Toyota Motor Corporation, the world’s largest automobile manufacturer, recently unveiled a few of its robotics projects aimed at the healthcare and elder care industries. Toyota is applying technology from the auto industry — such as sensors, motors, and computer software — in gadgets to be employed in high-tech healthcare. Conversely, what the company learns about mobility issues in people will impact future car designs as well.
One creation was an “intelligent” machine with padded arms that can aid healthcare workers lift patients, as well as help carry the patients. Another device resembled a skateboard and was designed to help people relearn balance. Eiichi Saitoh, a professor in rehabilitation medicine, demonstrated yet another contraption: a computerized brace that helped move his right leg, which has been paralyzed by polio.
Yuri Kageyama, a business reporter for the Associated Press, writes,
Saitoh said he had tried Toyota’s machines with patients and was confident they helped people recover more quickly from strokes and other ailments that curtailed movement.
‘It may be difficult to predict the future, but the era of an aging society is definitely coming,’ he said. ‘We need partner robots to enrich our lives.’
Toyota has set a target date of 2013 for selling commercial products based on these robots. The commercially available robots would assist the infirmed and elderly to walking and balance issues. The company’s general manager, Akifumi Tamaoki, says that more tests are needed first to ensure safety. “We define gentle and smart machines as partner robots,” he said.
One standout in the land of “gentle and smart” machines is Paro, from a company called Paro Robots U.S. Inc. in Illinois. It’s a robot designed to provide comfort and companionship to the elderly, as well as provide stimulation for patients with Alzheimer’s disease, dementia, or other cognitive disorders.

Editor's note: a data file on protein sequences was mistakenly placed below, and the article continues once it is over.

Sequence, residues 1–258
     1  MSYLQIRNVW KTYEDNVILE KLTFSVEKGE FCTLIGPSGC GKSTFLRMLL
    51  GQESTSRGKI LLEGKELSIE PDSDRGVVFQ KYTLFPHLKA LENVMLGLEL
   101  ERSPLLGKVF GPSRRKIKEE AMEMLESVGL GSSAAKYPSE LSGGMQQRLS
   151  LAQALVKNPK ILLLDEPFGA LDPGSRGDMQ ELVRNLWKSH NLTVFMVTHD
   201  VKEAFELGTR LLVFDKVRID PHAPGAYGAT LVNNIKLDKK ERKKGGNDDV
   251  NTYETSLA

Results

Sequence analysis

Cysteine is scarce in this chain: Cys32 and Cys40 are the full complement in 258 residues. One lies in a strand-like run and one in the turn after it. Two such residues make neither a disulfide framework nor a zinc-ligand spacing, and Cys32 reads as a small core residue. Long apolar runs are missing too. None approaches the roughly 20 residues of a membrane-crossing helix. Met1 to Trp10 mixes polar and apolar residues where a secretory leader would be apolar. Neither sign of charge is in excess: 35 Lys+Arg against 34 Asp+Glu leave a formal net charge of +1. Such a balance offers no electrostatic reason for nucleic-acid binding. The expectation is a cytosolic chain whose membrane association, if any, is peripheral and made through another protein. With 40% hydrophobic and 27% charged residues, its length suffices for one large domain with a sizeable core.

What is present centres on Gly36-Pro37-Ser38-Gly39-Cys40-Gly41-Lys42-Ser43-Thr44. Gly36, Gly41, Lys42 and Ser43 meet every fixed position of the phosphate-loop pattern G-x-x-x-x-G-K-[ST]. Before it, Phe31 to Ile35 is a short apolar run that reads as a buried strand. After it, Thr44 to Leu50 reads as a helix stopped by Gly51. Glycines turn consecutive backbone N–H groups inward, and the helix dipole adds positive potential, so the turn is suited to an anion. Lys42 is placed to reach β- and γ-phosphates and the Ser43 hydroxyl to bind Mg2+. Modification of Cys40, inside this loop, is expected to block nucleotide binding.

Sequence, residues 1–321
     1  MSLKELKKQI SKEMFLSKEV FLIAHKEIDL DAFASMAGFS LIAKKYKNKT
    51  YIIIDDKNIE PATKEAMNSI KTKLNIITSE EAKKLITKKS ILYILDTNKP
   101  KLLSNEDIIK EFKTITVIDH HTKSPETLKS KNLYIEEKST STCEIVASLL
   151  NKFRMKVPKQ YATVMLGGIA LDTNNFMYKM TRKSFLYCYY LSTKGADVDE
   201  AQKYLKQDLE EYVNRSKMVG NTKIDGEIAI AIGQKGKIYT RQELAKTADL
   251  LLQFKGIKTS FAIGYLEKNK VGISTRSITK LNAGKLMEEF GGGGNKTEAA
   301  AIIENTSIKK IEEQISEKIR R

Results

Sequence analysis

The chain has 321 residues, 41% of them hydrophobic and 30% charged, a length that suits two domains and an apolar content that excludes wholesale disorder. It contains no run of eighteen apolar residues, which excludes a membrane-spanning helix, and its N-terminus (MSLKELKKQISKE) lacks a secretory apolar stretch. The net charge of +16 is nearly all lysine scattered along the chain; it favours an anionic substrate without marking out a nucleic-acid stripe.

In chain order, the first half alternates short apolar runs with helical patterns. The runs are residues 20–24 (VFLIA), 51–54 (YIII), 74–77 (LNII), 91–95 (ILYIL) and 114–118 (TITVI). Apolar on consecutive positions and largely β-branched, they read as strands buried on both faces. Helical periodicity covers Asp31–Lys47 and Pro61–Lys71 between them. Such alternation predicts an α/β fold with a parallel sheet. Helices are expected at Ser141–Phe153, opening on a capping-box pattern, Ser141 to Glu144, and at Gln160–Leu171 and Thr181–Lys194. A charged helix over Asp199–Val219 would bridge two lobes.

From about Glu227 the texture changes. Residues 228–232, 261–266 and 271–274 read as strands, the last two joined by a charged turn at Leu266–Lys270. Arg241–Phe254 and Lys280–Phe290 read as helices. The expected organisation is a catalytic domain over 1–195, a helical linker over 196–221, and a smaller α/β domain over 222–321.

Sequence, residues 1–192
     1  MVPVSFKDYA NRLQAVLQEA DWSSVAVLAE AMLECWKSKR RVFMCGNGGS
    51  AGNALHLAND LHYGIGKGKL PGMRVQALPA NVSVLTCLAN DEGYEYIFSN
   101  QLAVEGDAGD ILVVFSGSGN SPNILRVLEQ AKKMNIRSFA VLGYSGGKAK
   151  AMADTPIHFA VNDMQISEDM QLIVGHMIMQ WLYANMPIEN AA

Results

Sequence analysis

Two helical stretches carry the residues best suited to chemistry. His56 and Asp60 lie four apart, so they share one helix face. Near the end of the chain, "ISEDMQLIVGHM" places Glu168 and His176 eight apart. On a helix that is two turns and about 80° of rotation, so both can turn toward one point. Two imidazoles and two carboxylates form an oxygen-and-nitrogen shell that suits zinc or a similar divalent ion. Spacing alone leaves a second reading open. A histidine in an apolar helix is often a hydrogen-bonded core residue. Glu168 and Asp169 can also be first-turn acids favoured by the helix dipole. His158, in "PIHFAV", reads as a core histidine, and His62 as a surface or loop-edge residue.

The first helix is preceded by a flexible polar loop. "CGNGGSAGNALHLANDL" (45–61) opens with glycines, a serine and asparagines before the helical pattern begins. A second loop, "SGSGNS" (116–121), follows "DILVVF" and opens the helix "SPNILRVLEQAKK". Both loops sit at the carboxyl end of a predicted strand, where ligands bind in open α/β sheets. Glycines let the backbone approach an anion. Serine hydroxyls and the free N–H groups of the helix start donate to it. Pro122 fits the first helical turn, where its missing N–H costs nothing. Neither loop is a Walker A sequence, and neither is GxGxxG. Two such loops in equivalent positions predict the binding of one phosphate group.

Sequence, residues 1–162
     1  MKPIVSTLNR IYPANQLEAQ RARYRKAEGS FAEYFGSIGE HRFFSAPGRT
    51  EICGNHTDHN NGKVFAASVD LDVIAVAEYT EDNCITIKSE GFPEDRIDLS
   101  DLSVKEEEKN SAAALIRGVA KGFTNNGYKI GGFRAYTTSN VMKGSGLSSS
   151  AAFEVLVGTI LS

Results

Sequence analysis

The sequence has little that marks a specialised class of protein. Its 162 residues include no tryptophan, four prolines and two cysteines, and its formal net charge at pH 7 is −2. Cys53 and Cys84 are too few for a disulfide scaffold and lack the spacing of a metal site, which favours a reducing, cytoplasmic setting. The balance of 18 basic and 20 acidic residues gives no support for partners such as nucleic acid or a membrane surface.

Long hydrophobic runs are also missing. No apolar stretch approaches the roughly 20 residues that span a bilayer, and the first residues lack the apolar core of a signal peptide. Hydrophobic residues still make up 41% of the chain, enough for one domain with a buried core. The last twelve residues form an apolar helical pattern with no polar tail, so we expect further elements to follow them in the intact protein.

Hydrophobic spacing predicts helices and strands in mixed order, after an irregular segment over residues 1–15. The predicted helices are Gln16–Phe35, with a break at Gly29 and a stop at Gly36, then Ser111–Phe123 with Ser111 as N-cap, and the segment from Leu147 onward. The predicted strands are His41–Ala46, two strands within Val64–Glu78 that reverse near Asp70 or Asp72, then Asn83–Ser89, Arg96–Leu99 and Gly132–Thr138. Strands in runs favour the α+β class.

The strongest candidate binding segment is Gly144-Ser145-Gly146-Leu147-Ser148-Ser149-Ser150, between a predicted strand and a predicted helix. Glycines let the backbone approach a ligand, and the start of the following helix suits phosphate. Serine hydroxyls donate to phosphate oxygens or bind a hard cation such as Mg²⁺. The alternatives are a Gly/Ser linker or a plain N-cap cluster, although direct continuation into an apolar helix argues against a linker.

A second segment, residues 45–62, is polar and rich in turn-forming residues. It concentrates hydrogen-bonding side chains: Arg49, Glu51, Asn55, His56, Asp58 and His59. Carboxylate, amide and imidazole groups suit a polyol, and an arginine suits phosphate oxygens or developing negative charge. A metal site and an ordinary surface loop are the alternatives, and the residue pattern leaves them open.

Karen Ravn, a special contributor to the Los Angeles Times writes,
It’s cute and cuddly, with soft white fur, big bright eyes and — awww! — a pacifier to suck on. Casual observers could easily mistake it for a typical stuffed animal toy.
Paro is designated as a Class II medical device by the U.S. Food and Drug Administration (FDA). It is considered to be a part of the “social” category of robots because it’s designed to interact with people. It’s programmed to behave like a real animal, right down to learning its own name after you have given it one. It even responds to discipline by avoiding behaviors that seem to have prompted punishment by its owner.
Despite detractors, evidence so far suggests that even a mechanical companion can provide consolation. The growing presence of robotics in various facets of healthcare raises ethical issues for the industry, however. Yet as Dr. Tia Powell, director of the Montefiore-Einstein Center for Bioethics, says, “Every human tool can be used wisely or poorly.” It’s just an issue of how that technology is applied.